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Open my world

I was 13 years old when we started learning English in elementary school. We had a kind and young teacher who, in addition to the classical teaching methods, tried to encourage us to learn the language in a different was and foreign correspondents for practicing. All of this was not an easy task before the Internet era and cell phones.

One day I accidentally had a Garfield newspaper in my hand that had a short correspondent column. Along with many Hungarian titles, my heart pounded when I saw the ad of a Finnish girl! I immediately decided to write her a letter as I thought she will be my foreign correspondent with whom I can practice English. I feverishly searched the dictionaries for the proper words, wrote many draft letters on piece of paper, then I posted the final version a few days later. Weeks passed uneventfully; I had almost forgot the whole correspondence issue. Then it came to 15 June 1998, when I received a reply from Müa, the Finnish girl. She thanked my letter and happily offered to be my correspondent friend.

Since then there was no stop, the letters kept coming and going. I gained more and more correspondents with the help of FBs (friendship book, not Facebook). At the age of 13, these letters provided an opportunity to open to the world, to get to know other cultures and countries.

I made tiny country flags and pinned them to a large world map of the country I received a letter from. I was so excited as the number of flags was increasing alongside. I even got letters from such exotic and inaccessible places at the time so as Fiji, Tanzania, New Zealand, Ghana or Colombia. I have not even learnt English by help of corresponding, but I also gained nearly 80 pen-pals all over the world.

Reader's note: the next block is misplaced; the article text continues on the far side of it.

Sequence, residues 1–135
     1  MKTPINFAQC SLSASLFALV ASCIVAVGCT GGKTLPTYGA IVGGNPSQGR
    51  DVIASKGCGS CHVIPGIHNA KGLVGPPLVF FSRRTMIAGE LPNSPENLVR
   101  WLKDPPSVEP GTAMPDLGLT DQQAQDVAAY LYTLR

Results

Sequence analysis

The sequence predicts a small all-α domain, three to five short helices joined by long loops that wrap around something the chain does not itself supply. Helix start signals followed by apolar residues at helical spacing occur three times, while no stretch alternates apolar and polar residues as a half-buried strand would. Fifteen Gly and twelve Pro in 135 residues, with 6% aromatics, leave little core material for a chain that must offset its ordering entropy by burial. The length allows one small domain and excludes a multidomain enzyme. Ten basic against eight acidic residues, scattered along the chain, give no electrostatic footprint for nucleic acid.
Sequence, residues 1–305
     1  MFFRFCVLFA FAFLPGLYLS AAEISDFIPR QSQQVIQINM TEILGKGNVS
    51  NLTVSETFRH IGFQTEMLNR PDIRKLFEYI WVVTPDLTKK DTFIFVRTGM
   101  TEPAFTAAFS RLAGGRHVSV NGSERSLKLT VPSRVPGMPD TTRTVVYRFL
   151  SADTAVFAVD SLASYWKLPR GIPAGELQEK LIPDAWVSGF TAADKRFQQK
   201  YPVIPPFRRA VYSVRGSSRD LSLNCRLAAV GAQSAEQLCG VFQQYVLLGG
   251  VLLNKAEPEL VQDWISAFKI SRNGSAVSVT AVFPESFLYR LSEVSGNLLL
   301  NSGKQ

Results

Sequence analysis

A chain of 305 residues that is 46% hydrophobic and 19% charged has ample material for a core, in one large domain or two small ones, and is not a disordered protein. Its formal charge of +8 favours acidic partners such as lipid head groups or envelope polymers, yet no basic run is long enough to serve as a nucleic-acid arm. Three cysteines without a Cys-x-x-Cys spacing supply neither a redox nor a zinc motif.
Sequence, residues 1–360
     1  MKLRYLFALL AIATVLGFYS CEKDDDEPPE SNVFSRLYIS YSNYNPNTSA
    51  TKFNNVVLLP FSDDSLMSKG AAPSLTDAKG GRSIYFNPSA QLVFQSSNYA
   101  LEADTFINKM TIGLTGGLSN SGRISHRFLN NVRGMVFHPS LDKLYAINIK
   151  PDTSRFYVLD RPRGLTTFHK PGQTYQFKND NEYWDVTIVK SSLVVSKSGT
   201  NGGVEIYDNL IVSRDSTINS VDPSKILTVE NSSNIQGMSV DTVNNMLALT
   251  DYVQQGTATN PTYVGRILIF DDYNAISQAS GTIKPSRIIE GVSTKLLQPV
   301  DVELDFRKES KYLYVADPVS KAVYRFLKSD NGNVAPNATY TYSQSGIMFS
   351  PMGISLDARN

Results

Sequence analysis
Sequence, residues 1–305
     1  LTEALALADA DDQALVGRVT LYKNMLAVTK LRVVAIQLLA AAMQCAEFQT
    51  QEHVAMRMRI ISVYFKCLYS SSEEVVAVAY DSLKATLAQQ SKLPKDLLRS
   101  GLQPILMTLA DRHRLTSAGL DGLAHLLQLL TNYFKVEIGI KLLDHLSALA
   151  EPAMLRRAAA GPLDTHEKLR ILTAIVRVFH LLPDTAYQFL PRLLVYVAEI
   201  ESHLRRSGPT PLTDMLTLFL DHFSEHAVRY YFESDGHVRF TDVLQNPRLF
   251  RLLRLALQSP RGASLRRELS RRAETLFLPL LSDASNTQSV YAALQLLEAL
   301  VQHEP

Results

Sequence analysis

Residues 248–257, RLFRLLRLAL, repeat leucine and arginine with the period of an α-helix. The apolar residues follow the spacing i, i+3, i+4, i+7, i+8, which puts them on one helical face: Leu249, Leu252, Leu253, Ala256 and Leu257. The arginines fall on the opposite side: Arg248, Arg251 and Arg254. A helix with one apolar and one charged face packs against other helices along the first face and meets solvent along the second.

Thanks to years of correspondence, I have received nearly 309 letters, tiny trinkets, and postcards from 47 countries, which I still have in a box as a childhood memory and treasure. This intensive period lasted for almost 5 years and then the Internet era started. Slowly mails fell behind, replaced by e-mails, and later by social networking sites.

I am wondering what happened to my former correspondents; with my American girlfriend Jill, the Brazilian Marlos, or the Indonesian boy, André? Do they still remember me? Have they also kept my letters? It would be an interesting challenge to get in contact with them after 20 years again.

Maybe this will happen one day. In the meantime I’m planning my next travel on my metallic world map. My openness to the world and the desire to get to know other cultures is not gone. Just I travel instead of correspondence nowadays.

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